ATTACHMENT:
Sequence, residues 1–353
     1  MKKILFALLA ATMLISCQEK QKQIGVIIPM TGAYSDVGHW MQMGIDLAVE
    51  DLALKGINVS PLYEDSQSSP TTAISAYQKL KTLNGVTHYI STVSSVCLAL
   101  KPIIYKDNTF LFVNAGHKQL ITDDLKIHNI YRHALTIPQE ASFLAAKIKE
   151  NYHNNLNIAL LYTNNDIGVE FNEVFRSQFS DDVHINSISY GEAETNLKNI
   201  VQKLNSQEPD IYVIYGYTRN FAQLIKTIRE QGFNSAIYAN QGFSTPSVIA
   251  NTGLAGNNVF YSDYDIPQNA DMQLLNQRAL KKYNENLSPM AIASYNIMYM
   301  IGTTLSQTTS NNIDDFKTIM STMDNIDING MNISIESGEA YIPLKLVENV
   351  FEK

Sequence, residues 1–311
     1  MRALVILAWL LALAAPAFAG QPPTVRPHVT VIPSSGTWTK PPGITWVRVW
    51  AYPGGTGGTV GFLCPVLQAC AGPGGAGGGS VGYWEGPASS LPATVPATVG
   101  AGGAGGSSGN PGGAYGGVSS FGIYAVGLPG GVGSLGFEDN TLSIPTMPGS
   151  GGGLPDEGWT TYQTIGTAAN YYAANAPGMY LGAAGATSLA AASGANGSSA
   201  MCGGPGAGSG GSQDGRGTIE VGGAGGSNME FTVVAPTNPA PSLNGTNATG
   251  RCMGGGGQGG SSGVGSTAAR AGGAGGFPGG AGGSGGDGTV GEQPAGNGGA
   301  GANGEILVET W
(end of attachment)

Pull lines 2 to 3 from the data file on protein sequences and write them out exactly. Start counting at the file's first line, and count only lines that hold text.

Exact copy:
     1  MKKILFALLA ATMLISCQEK QKQIGVIIPM TGAYSDVGHW MQMGIDLAVE
    51  DLALKGINVS PLYEDSQSSP TTAISAYQKL KTLNGVTHYI STVSSVCLAL